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Indus Valley Culture statuette from Mehrgarh, Period VII, c. 2800-2600 BC

Terracotta statuette of a seated naked and a stylized female (mother goddess?) with child.

The oldest ceramic figurines in South Asia were found at Mehrgarh. They occur in all phases of the settlement and were prevalent even before pottery appears. The earliest figurines are quite simple and do not show intricate features. However, they grow in sophistication with time and by 4000 BC begin to show their characteristic hairstyles and typical prominent breasts. All the figurines up to this period were female. Male figurines appear only from period VII and gradually become more numerous. Many of the female figurines are holding babies, and were interpreted as depictions of the “mother goddess”. However, due to some difficulties in conclusively identifying these figurines with the “mother goddess”, some scholars prefer using the term “female figurines with likely cultic significance.”

Merhgahr is one of the most important Neolithic (7000 BC to c. 2500 BC) sites in archaeology. It lies on the Kacchi Plain of Balochistan, Pakistan. It is one of the earliest sites with evidence of farming and herding in South Asia. Mehrgarh is located near the Bolan Pass, to the west of the Indus River valley and between the Pakistani cities of Quetta, Kalat and Sibi.

More about Mehrgarh

The Indus Valley Civilization was a Bronze Age civilization (3300–1300 BC; mature period 2600–1900 BC) extending from what today is northeast Afghanistan to Pakistan and northwest India. Along with Ancient Egypt and Mesopotamia it was one of three early civilizations of the Old World, and of the three the most widespread.

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Mehrgarh, one of the most important Neolithic (7000 BCE to c. 2500 BCE) sites in archaeology, lies on the “Kachi plain” of Balochistan, Pakistan. It is one of the earliest sites with evidence of farming (wheat and barley) and herding (cattle, sheep and goats) in South Asia.

Mehrgarh is located near the Bolan Pass, to the west of the Indus River valley and between the Pakistani cities of Quetta, Kalat and Sibi. The site was discovered in 1974 by an archaeological team directed by French archaeologist Jean-François Jarrige, and was excavated continuously between 1974 and 1986, and again from 1997 to 2000. The earliest settlement at Mehrgarh—in the northeast corner of the 495-acre (2.00 km2) site—was a small farming village dated between 7000 BCE to 5500 BCE.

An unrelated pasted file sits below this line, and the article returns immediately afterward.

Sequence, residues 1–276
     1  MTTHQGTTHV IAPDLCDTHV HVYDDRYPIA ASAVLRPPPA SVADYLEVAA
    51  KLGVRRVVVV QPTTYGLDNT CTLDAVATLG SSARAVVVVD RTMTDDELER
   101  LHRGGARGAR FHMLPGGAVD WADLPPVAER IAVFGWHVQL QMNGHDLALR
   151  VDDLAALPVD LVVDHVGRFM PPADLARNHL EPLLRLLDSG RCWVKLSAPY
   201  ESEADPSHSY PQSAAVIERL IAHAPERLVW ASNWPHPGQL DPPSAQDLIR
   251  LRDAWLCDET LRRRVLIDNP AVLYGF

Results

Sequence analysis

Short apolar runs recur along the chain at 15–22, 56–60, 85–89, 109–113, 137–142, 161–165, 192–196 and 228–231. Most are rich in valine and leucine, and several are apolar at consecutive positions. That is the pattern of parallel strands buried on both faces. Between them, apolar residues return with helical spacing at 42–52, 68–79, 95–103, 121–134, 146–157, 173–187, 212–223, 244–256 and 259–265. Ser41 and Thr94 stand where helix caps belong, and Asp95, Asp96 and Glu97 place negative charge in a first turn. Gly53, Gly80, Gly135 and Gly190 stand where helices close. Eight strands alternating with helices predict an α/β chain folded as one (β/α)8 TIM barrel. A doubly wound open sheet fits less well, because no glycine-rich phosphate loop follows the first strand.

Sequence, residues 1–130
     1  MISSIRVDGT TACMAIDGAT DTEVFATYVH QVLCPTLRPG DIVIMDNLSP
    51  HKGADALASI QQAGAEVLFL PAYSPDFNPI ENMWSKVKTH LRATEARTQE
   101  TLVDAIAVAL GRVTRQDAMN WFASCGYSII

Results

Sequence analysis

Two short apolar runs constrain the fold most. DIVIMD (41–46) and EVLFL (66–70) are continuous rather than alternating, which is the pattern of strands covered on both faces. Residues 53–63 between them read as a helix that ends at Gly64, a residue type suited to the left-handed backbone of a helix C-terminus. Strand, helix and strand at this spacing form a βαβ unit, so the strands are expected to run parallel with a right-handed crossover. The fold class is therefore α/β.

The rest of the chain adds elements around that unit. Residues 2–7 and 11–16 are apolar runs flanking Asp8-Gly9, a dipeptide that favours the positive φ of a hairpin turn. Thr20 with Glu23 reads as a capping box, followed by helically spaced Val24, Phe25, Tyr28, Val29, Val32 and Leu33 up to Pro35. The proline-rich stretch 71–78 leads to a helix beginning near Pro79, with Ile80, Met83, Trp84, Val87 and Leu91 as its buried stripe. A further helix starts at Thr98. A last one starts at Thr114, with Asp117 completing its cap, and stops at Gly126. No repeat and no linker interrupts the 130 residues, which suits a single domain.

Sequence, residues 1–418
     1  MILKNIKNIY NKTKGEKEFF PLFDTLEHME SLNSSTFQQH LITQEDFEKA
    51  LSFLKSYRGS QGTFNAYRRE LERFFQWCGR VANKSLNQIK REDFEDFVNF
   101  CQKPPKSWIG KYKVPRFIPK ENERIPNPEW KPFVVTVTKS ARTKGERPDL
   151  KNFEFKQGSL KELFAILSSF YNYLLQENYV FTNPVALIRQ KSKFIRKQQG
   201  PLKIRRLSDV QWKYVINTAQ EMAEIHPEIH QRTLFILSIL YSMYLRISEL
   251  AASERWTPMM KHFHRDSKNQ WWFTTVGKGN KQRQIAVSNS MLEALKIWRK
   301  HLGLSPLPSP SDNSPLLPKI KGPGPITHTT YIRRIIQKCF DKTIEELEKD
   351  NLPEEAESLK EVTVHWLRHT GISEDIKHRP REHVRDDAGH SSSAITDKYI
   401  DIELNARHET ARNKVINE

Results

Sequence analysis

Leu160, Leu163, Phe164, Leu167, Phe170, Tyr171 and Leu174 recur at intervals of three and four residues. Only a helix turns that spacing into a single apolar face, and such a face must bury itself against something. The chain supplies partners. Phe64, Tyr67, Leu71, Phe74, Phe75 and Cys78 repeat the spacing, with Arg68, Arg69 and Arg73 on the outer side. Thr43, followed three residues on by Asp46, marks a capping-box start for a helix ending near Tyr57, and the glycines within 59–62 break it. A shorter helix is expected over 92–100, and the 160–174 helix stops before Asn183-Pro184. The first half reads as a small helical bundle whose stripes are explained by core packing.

Early Mehrgarh residents lived in mud brick houses, stored their grain in granaries, fashioned tools with local copper ore, and lined their large basket containers with bitumen. They cultivated six-row barley, einkorn and emmer wheat, jujubes and dates, and herded sheep, goats and cattle. Residents of the later period (5500 BCE to 2600 BCE) put much effort into crafts, including flint knapping, tanning, bead production, and metal working. The site was occupied continuously until about 2600 BCE. Mehrgarh is probably the earliest known center of agriculture in South Asia.

In 2001, archaeologists studying the remains of two men from Mehrgarh made the discovery that the people of the Indus Valley Civilization, from the early Harappan periods, had knowledge of proto-dentistry. In April 2006, it was announced in the scientific journal Nature that the oldest (and first early Neolithic) evidence in human history for the drilling of teeth in vivo (i.e. in a living person) was found in Mehrgarh.

Mehrgarh is now seen as a precursor to the Indus Valley Civilization.

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Cette statuette ne tient pas debout. Deux étaux métalliques sont nécessaires à son exposition, la partie supérieure de l’oeuvre étant trop pesante en proportion. A moins de supposer un support disparu, on peut en déduire que, contrairement à  aujourd’hui, cette statuette n’était pas primordialement faite pour être vue. 
Tout comme la fonction de cette sculpture du 4e millénaire avant notre ère nous est obscure, son esthétique est déconcertante pour un oeil contemporain. Il ne peut pas simplement y voir un corps de femme tant la forme qu’il contemple est éloignée de la collection des représentations concrètes qu’un esprit moderne range sous l’expression. De fait, nous voyons d’abord deux lobes de tubules gras et sinueux pressant une face poisson - un cerveau qui se serait extrait de son crâne et un visage qui aurait rétréci pour ne conserver que sa structure essentielle: son nez. Les seins, bombés comme des grenades, sont l’autre trait saillant de cette figurine. Dans l’esprit de celui qui l’a façonnée, il n’était manifestement ni utile ni sensé de développer les autres parties du corps : le menton et le front ont quasi-disparu ainsi que les bras ou le ventre. D’où le malaise du spectateur devant cette créature syncopée évoluant dans un rêve très ancien.

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